North America - United States
Above-normal rainfall and below-normal temperatures along the East Coast of the United States during the
spring and fall of this year damaged pumpkin crops from Florida to New York. Rains in May and June delayed planting in many areas until mid-June, almost a full month later than normal. Wet conditions persisted through the six-month-long growing season which deterred bees from pollinating as much as normal and allowed anomalous amounts of fungi to attach to the rinds and tissue of the fruit. In addition, insufficient sunlight during the growing season prevented many pumpkins from ripening in time for the autumn harvest. Some farmers lost 20-30 percent of their crop. (CNN)
Oceania - Solomon Islands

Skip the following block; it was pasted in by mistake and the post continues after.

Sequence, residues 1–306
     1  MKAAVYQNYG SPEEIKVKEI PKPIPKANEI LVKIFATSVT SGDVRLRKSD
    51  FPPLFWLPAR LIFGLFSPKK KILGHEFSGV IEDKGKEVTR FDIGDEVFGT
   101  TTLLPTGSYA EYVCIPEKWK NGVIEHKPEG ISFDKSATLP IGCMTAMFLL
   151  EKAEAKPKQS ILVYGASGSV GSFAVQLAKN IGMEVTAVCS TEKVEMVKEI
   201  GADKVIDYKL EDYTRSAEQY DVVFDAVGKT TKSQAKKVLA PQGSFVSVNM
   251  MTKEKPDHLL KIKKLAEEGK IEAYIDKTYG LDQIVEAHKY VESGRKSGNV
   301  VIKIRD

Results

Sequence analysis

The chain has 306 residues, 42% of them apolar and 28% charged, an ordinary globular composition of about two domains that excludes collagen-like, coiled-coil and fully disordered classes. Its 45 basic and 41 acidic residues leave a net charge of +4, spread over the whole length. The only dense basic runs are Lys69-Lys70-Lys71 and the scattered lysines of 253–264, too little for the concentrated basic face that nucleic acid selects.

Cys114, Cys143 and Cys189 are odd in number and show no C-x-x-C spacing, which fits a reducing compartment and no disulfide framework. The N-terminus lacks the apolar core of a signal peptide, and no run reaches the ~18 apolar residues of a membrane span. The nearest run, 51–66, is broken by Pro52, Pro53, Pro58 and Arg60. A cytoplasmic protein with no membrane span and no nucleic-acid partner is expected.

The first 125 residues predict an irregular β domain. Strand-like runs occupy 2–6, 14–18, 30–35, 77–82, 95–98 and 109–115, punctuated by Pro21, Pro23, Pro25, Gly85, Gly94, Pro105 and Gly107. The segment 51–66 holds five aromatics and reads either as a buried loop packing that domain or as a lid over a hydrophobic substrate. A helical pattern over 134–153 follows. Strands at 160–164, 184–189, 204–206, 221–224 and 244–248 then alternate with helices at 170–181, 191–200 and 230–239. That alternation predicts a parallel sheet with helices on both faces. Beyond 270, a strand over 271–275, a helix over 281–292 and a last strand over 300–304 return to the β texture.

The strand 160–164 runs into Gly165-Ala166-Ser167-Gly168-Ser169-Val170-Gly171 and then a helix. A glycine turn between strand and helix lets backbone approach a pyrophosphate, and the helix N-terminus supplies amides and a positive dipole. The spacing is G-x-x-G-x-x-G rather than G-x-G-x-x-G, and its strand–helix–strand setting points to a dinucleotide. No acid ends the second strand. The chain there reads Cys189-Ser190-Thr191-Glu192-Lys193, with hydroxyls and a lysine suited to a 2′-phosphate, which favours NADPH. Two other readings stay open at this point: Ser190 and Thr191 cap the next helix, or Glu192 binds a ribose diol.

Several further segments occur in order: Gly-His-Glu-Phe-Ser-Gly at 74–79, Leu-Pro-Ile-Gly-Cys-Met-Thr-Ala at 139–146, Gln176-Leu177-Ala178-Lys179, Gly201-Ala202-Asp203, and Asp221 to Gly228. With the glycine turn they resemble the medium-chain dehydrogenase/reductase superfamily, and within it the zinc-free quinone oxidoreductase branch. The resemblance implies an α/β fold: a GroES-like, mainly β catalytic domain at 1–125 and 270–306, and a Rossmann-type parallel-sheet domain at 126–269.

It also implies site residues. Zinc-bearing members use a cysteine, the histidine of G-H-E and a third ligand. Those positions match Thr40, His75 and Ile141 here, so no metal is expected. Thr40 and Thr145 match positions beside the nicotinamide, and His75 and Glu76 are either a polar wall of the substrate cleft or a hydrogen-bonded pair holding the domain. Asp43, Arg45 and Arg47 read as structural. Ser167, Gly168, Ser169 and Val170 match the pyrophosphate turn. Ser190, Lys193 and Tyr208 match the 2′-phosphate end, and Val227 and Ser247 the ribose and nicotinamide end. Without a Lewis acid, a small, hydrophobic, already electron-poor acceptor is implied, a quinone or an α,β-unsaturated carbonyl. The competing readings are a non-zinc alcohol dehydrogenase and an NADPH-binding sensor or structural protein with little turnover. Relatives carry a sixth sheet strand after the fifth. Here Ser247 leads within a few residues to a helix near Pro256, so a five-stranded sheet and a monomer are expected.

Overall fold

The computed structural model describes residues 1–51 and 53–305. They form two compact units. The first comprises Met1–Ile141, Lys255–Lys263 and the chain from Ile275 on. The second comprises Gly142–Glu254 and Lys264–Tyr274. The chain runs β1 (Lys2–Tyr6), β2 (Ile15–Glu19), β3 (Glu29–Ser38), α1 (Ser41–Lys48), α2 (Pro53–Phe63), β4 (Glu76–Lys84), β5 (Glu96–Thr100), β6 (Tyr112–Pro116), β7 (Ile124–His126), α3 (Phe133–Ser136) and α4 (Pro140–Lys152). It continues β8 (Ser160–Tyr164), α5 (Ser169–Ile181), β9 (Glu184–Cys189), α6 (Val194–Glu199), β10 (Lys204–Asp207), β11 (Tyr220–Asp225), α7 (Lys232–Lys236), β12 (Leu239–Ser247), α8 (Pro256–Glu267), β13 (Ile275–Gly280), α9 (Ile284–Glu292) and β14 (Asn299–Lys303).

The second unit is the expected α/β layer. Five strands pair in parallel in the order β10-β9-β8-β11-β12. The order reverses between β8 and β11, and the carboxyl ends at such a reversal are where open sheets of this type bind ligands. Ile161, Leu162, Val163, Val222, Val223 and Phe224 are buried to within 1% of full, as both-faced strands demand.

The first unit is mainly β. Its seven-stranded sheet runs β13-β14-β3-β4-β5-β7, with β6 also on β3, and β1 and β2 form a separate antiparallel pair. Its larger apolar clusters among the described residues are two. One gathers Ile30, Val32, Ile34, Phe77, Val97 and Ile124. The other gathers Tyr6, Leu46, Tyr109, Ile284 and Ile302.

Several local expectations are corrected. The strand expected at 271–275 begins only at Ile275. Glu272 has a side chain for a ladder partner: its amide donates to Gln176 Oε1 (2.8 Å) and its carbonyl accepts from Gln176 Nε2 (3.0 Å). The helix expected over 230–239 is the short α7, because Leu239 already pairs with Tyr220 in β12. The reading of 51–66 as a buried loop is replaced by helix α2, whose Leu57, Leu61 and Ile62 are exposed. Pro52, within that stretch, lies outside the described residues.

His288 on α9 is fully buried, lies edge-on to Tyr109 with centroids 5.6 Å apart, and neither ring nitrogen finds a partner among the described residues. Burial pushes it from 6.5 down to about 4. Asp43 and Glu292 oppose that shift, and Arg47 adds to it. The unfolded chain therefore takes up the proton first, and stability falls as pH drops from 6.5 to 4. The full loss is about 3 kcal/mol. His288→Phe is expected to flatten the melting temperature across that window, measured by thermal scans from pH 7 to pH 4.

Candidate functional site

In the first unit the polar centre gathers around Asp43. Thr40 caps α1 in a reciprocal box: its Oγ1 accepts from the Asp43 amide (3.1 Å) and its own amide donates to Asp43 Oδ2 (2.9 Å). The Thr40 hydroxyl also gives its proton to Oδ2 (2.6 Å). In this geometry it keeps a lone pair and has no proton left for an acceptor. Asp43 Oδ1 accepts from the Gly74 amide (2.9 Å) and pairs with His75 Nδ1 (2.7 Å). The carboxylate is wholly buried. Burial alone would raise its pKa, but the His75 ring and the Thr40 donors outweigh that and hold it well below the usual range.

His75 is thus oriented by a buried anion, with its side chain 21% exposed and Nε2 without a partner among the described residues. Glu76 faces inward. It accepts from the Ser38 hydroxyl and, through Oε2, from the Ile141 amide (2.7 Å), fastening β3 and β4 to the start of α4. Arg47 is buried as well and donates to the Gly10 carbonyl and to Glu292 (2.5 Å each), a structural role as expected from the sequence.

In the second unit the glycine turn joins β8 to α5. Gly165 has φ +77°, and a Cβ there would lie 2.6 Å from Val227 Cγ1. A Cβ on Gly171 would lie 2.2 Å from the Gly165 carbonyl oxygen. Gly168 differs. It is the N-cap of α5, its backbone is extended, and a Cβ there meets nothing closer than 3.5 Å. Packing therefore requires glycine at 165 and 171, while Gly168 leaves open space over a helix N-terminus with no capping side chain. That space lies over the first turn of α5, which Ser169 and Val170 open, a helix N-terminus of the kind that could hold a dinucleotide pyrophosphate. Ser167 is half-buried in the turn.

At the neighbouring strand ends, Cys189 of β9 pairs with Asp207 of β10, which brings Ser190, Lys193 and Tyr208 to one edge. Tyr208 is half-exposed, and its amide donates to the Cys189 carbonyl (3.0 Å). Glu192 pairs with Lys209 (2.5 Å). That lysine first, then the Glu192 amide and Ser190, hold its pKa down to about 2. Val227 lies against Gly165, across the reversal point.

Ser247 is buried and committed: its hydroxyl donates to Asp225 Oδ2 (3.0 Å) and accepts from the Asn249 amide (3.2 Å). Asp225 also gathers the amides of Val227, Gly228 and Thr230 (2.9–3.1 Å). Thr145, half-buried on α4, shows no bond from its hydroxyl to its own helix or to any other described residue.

AFP recently reported that the residents of the island of Tikopia in the Solomon Islands are in desperate need of food relief after two tropical cyclones in the past year hit the island, destroying food crops each time. According to the director of the Solomon Islands National
Disaster Management Office (NDMO), crops that were regrown after Tropical Cyclone Zoe (category 5, 155 knot maximum winds) hit the
island in late December 2002 were damaged or destroyed by Tropical Cyclone Gina in early June 2003. The NDMO completed a food security
assessment for Tikopia in September and made an appeal to donors for food aid.
(AFP, OCHA, OCHA)